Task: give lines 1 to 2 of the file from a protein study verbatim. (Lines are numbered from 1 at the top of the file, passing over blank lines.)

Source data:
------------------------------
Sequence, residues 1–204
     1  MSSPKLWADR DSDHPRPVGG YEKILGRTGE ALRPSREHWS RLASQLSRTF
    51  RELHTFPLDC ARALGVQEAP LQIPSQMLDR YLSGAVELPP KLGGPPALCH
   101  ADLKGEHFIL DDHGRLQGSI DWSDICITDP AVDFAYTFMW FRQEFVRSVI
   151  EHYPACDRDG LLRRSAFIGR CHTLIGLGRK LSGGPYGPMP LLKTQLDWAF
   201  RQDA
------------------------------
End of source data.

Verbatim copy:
Sequence, residues 1–204
     1  MSSPKLWADR DSDHPRPVGG YEKILGRTGE ALRPSREHWS RLASQLSRTF